Almost everyone has poses they love and poses they dread.  I know the one that I dread during every class is triangle (as it’s called in Bikram and Baptiste) or extended side angle, as it’s sometimes called.  I’m not sure what it is about this pose I can’t stand except that my hips just don’t really go the way they’re meant to.  It also impinges on my neck and forces me to squeeze my inner thighs together to prevent slipping but it never really seems to work too well because I’m also trying to rotate my thigh externally to maintain the hip position.  It just generally gets me frustrated and kind of makes me feel inept.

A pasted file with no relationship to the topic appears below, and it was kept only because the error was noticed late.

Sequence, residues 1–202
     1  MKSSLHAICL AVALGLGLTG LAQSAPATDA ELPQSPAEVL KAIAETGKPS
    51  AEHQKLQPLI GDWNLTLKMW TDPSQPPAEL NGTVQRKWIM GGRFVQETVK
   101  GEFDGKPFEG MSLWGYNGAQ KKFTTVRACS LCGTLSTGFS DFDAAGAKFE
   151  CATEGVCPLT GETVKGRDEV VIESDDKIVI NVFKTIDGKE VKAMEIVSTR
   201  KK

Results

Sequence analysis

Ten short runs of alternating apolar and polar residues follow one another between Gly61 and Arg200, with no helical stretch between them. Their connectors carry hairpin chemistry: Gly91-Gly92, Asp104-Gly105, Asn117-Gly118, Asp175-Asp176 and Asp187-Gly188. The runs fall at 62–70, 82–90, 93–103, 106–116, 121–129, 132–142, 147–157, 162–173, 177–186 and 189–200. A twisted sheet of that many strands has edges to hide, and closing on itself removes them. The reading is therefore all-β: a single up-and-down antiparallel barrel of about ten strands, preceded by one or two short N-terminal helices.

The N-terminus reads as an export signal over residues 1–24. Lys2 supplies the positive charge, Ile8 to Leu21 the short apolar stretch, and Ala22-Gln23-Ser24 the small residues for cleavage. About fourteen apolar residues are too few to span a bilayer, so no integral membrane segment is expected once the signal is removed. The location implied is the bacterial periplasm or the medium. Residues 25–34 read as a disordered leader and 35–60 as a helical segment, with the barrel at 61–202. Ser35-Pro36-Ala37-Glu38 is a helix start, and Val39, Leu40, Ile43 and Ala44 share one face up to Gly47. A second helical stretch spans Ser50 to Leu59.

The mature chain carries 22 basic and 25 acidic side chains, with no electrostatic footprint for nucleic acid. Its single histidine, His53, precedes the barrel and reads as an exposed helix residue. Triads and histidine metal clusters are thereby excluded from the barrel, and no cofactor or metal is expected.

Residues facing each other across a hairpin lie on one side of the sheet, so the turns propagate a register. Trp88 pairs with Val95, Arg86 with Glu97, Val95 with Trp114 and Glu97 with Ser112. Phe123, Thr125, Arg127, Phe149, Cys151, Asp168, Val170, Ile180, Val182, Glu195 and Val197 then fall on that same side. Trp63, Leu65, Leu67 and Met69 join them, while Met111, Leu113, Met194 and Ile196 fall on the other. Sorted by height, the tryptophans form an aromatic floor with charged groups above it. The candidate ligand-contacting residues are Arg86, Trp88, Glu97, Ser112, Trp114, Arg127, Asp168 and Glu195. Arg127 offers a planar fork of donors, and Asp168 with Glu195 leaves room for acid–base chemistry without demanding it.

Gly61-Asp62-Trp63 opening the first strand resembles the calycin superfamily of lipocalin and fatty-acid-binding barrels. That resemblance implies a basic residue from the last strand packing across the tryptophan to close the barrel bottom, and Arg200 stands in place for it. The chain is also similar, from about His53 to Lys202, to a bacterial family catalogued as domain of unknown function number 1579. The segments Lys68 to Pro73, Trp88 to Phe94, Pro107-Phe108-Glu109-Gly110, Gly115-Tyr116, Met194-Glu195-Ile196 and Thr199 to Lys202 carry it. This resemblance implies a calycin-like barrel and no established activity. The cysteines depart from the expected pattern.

So why is it most important that I keep doing this pose?  Because obviously I have tight hips, weak thighs and a gravely neck.  Recognizing that I need to work on all those things helps me pinpoint some of my shortcomings, both the physical, and the mental for keeping my cool and being tenacious during my annoyance with the pose.

    It is this exact same situation in life.  I have heard that a person won’t leave your life until they have finished teaching you something you needed to know.  It’s like having to deal with an infuriatingly slow person when you tend to think, talk, and move a mile a minute.  Maybe you were glossing over important details before or were lacking patience.  Or maybe you get stuck with a co-worker who issues particularly biting passive-aggressive comments.  Because you can’t just blow up at this person, perhaps your reaction and response to those comments will teach you how to deal gracefully with other haters in your life.